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    9 Recipes

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    A variation of a traditional hot American breakfast, This recipe is for my very restricted special diet, lactose free, fat free, bland. Many people prefer more fat, such as bacon or butter or like milk and sugar in it. Good for you that you don't have to eat this! lol This is meant for good nutrition on a restricted diet, and not for any most pleasurable delight of the year award.

    Recipe #415172

    This recipe uses Jiffy mix, canned pumpkin and a little cinnamon. You might tweak it as you like. I'm experimenting with my 1.5 quart slow cooker. The cooking time is approximate, and during the last 1/2 hour I did take the lid off and let the steam out a couple of times so it would bake a bit better, otherwise it is soooo moist that it is heavy. You can let me know if you remove the lid or not and how moist or dry yours turns out. I added some raisins too. The sides come out a bit crusty, which I like. I lined the bottom of the crock with parchment paper and then greased it with the crock so the cornbread will slide out better. It really doesn't get any easier than this.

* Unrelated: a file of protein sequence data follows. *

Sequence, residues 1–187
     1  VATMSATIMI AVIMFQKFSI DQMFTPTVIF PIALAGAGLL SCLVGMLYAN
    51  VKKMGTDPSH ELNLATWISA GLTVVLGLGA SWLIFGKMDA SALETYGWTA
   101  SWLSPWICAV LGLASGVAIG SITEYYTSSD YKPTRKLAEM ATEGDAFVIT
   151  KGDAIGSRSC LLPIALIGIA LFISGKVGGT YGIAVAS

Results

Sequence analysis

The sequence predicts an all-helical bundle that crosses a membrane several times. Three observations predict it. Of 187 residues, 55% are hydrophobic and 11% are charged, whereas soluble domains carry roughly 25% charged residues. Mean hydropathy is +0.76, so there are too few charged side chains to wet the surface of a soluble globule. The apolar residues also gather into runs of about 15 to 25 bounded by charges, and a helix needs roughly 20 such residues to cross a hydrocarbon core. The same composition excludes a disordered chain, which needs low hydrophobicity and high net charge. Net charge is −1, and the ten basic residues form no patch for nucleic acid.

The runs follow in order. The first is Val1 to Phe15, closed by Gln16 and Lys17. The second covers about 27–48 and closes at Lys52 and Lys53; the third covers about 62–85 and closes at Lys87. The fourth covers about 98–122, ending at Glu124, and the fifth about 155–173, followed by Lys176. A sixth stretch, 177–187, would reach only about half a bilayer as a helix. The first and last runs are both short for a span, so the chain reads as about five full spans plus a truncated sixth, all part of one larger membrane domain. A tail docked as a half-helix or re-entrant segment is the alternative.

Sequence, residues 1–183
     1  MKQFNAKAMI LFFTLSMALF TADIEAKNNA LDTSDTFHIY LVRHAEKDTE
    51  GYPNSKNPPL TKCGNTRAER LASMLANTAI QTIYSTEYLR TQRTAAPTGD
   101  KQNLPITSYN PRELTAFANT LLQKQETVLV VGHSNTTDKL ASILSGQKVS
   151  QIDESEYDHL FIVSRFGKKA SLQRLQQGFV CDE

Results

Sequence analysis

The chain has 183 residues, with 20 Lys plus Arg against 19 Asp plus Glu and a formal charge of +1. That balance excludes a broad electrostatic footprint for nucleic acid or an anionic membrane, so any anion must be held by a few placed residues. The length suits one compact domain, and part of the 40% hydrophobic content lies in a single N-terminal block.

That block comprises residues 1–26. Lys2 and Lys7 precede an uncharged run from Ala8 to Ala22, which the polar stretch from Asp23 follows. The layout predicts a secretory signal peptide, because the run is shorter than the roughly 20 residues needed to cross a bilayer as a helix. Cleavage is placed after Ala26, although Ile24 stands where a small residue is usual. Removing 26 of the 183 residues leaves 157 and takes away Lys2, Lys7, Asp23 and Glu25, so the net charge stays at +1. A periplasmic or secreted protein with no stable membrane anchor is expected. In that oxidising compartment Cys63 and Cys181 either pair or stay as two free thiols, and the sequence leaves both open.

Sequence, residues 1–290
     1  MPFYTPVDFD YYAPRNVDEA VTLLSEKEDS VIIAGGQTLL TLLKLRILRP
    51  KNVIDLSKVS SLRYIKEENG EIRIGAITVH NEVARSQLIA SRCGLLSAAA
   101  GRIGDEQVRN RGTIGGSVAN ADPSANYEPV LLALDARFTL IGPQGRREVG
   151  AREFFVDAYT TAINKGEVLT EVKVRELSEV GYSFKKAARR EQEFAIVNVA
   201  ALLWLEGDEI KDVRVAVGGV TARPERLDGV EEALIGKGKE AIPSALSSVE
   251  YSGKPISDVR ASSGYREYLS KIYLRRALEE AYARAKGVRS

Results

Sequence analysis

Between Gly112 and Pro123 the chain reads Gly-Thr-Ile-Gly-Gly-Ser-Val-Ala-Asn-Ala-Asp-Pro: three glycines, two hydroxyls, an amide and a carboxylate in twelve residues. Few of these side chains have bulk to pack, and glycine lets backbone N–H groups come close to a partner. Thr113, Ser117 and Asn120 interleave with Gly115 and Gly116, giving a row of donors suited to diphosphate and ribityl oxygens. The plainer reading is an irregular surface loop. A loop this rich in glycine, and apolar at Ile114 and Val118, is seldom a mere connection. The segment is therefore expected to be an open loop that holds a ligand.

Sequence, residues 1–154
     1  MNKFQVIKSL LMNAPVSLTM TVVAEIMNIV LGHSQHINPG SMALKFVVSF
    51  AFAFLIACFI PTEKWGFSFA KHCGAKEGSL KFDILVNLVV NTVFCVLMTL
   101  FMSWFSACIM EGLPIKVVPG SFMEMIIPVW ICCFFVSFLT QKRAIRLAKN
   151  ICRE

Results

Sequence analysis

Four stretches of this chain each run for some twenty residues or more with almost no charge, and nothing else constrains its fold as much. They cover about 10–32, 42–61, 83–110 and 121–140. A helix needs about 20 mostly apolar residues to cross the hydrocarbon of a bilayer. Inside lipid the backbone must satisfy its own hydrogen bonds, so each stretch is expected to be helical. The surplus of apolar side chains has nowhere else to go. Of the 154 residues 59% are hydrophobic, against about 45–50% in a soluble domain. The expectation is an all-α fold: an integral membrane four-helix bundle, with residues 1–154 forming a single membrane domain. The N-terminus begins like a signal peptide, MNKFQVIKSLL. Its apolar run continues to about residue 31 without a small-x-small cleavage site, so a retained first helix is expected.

Recipe #430130

    St Michael's major feast day is September 29th, now joined with the other archangels. I've just been reading up on St Michael and found out that there is a traditional 'bannock', or flat bread made with barley and oats. This version has the number 1 in the title because there is another that is a bit different. This bannock is of Irish origin and is used by the English on the feast also. I found this recipe online at a site called 'Which Day'

    Recipe #423144